If the client doesn’t agree to one of the lower LOL amounts, the SE can usually get them to agree to a limit on the amount of professional liability insurance proceeds available to them. Although this doesn’t do much to reduce the amount that the insurer would pay in a claim, it does keep a large claim from putting the SE’s firm out of business. When firms base the LOL on a multiple of their fee, Table E shows the multiple that firms use.
Case Contracts Most Often Used
CASE has produced 16 standard contracts for various conditions encountered by structural engineering firms. Table F shows the percentage of firms that use the more popular CASE contracts, either directly or by adopting various terms from the CASE contracts in their own contracts.
The most widely used is Contract #1, An Agreement for the Provision of Limited Professional Services, which is useful for smaller projects with a limited scope. It is a very simple and easy to use contract for most of the miscellaneous-type projects performed at an SE firm, such as adding a loading dock or adding equipment on the roof of an existing building.
Contract #2 is used when the SE contracts directly with the owner but is not the prime consultant, while Contract #13 is to be used when the project primarily involves structural work and the SE is the prime or the only consultant.
The author feels that Contract #14A, Supplemental Form A – Additional Services Order (ASO), should be used more often and should be readily available for every project manager to use. Most medium to large projects run into situations where some unanticipated structural services are required, and it is important for the SE to get paid for these. If the SE waits until the end of the project to bring these to the client’s attention, there is a high risk of not being paid for the extra work, since there is no leverage. Having a client sign the ASO before the SE does the work makes it much easier to get paid. If the SE doesn’t want to “nickel and dime” the client, he/she should send an ASO describing the additional scope of work on smaller items and indicate “No Charge”. Then after a few minor items are designed for free, if more or larger issues arise, the SE can justify finally charging for some of these.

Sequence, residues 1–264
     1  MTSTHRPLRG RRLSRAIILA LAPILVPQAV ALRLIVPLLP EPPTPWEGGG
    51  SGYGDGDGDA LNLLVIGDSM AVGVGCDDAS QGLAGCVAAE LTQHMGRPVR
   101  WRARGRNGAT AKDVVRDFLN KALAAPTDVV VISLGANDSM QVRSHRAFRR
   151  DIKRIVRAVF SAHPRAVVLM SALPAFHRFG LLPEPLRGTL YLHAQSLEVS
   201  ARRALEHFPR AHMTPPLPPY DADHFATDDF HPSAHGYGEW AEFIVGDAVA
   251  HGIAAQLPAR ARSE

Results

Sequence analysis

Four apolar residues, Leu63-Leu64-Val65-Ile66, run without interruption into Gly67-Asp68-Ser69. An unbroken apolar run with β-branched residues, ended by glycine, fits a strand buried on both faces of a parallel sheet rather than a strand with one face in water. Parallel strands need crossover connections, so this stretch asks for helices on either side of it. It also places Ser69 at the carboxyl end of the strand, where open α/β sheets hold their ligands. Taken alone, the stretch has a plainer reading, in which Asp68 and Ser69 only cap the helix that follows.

The purpose and need for most of the listed contracts is fairly obvious; however, the importance of Contract #11 for the Transfer of CAD or BIM files should be emphasized. On most projects, the sub-contractors or fabricators want to use the SE’s CAD or BIM files to prepare their shop drawings. The SE firm exposes itself to additional risk if the terms and conditions under which the files are provided are not defined. Contract #11 makes it clear to the users of the files that they are responsible for the files once they are turned over to them. The contract also makes provisions for the SE to charge a small fee for providing the files. Although some firms have charged substantial amounts for this, CASE recommends that the charge be in line with the time necessary for a technician to prepare the files for transfer and to make the transfer. In this way, the files can still be considered “Instruments of Service” rather than a “Product” which has higher liability associated with it.